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Community-Based Research is shared in ways that are accessible and useful to all partners
The results of CBR are meant to be used by the community and contribute to academic knowledge. That usually means creating multiple products for multiple audiences.
Some CBR products are mainly for academic audiences, such as journal articles, academic books, and conference presentations. Through these products, partners can influence other researchers and get their work into college classrooms. Academic publishing can give partners the legitimacy they need to influence policy. And, these are the kind of products that faculty have to produce as part of their job.
However, these products are not very accessible to communities outside higher education. Nor are these products very useful when it comes to the next step in CBR: taking action. Partners may want to use the research findings to support policy advocacy, design a new program, influence professional practice, educate people about an issue, etc. So, there is a need for products that are community-facing — accessible, useful, and designed for the communities involved.
Community-facing products should consider the needs and cultures of the communities. Examples can include public presentations, videos, policy reports, social media postings, articles in local newspapers and media outlets, lesson plans, home visits, arts-based products, and more. Get creative! Avoid jargon. Use plain language and readable graphics. Translate into all appropriate languages. Consider how generations consume information differently. See if you can take advantage of existing community events and communication channels.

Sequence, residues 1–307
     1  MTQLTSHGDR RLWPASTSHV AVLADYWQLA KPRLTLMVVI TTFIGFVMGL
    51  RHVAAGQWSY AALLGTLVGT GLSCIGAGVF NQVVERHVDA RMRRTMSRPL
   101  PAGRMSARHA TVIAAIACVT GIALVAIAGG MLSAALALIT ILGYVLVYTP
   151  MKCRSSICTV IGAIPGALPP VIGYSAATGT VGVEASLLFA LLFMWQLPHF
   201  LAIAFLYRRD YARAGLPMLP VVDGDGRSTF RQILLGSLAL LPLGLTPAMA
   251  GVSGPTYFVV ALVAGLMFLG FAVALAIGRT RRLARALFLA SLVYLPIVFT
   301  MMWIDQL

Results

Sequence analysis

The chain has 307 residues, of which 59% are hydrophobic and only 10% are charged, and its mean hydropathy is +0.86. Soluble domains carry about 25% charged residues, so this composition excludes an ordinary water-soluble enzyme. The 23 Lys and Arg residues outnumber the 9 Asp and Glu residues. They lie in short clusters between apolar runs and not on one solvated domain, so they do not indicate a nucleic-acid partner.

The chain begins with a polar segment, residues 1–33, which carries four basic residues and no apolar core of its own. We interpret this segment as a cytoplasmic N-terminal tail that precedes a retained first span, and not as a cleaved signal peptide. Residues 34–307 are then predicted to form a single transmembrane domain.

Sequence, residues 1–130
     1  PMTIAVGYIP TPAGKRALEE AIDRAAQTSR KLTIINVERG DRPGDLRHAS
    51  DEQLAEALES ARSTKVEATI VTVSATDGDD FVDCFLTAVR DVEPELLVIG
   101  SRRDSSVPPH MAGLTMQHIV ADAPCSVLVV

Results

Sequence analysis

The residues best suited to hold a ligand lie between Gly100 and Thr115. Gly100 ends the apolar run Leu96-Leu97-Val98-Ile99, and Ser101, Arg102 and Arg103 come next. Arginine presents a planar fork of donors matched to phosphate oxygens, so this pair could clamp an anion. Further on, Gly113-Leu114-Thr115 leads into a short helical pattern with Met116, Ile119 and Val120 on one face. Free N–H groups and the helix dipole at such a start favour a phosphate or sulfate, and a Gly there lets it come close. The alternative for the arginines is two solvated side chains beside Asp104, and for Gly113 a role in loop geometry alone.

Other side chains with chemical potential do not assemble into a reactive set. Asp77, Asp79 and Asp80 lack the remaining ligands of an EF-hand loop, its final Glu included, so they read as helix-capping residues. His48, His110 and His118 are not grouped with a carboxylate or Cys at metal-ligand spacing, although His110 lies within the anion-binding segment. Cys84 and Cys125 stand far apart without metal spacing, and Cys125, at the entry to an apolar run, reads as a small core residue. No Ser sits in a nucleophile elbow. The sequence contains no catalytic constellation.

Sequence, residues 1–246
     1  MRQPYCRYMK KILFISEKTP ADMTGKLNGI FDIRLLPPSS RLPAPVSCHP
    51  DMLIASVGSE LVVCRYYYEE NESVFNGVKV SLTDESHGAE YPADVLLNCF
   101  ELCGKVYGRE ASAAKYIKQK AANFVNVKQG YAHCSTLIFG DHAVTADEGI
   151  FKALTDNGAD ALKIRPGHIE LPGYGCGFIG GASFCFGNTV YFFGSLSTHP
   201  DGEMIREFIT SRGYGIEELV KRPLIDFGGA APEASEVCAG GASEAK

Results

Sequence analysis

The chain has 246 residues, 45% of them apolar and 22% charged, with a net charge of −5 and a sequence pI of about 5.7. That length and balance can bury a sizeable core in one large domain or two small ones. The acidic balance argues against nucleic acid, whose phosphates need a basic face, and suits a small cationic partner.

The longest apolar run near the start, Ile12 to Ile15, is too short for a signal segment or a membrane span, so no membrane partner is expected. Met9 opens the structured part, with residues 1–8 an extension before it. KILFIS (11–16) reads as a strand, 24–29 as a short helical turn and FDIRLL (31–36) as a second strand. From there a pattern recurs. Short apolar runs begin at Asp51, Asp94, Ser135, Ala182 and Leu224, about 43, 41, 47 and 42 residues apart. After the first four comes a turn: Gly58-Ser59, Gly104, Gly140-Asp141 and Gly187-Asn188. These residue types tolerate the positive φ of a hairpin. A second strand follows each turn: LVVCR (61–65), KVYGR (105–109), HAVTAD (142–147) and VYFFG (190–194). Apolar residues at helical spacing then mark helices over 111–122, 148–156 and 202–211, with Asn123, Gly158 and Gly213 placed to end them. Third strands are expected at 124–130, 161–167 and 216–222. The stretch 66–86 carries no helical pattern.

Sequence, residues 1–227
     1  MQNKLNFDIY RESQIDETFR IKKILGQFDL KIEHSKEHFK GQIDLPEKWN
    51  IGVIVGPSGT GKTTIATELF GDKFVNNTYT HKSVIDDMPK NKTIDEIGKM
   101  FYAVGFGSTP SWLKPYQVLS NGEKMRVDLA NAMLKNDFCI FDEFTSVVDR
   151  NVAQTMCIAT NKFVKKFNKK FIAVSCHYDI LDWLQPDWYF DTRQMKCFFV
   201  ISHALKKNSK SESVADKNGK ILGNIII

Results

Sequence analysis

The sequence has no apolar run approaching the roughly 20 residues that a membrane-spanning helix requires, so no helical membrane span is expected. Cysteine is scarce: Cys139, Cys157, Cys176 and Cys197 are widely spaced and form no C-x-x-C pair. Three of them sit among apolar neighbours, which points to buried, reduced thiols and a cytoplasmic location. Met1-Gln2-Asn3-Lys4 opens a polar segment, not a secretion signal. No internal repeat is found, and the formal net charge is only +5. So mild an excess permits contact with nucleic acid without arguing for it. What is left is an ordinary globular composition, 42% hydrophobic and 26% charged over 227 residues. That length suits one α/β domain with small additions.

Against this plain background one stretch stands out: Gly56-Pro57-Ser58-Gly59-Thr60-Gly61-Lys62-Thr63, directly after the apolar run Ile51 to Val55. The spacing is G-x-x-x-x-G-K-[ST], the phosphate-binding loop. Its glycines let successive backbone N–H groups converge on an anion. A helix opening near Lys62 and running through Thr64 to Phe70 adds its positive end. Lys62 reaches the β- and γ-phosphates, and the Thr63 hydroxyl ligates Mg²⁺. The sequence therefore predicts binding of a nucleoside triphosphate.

Disseminating these products often requires money, for example to print reports, produce a video, or offer childcare for people coming to a presentation. It also takes time. Make sure dissemination is in your budget and timeline from the beginning. There are also organizations that publish and peer-review community-facing CBR products, like Community Campus Partnerships for Health’s site http://www.ces4health.info/
For research to be useful to community, it needs to be timely. If results are delivered too late, the potential impact of the research may be diminished. Also, it is good practice to share findings with the broader community (not just the main partners) and offer chances to comment and point out issues before anything is published for other audiences. They were part of producing the knowledge and have the right to be first in line to see and respond to the outcomes.
In addition to being immediately useful to partners, there are a lot of benefits to creating research products for non-academic audiences. It can help build trust and accountability between communities and researchers. It can ensure that research has a sustained life in the community rather than sitting on a dusty shelf. It can increase the accuracy of results when communities — and not just academic reviewers — are able to comment and respond. And it amplifies the chance of having a real impact on the world.
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